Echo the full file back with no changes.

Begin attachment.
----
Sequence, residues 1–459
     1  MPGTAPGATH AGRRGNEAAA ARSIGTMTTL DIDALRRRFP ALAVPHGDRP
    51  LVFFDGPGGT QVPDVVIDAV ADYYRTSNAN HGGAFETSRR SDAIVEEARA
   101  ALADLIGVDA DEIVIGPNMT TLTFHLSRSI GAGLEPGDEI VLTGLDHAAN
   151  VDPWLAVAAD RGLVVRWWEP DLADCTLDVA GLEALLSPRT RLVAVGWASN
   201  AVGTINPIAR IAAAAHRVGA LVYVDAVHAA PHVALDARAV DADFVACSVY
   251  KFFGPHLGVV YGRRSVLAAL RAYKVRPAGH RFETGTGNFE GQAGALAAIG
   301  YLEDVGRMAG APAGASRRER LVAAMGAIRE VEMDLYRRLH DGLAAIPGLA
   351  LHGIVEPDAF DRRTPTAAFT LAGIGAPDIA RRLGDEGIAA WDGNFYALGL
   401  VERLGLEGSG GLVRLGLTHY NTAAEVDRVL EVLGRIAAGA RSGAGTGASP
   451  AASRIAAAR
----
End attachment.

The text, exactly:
Sequence, residues 1–459
     1  MPGTAPGATH AGRRGNEAAA ARSIGTMTTL DIDALRRRFP ALAVPHGDRP
    51  LVFFDGPGGT QVPDVVIDAV ADYYRTSNAN HGGAFETSRR SDAIVEEARA
   101  ALADLIGVDA DEIVIGPNMT TLTFHLSRSI GAGLEPGDEI VLTGLDHAAN
   151  VDPWLAVAAD RGLVVRWWEP DLADCTLDVA GLEALLSPRT RLVAVGWASN
   201  AVGTINPIAR IAAAAHRVGA LVYVDAVHAA PHVALDARAV DADFVACSVY
   251  KFFGPHLGVV YGRRSVLAAL RAYKVRPAGH RFETGTGNFE GQAGALAAIG
   301  YLEDVGRMAG APAGASRRER LVAAMGAIRE VEMDLYRRLH DGLAAIPGLA
   351  LHGIVEPDAF DRRTPTAAFT LAGIGAPDIA RRLGDEGIAA WDGNFYALGL
   401  VERLGLEGSG GLVRLGLTHY NTAAEVDRVL EVLGRIAAGA RSGAGTGASP
   451  AASRIAAAR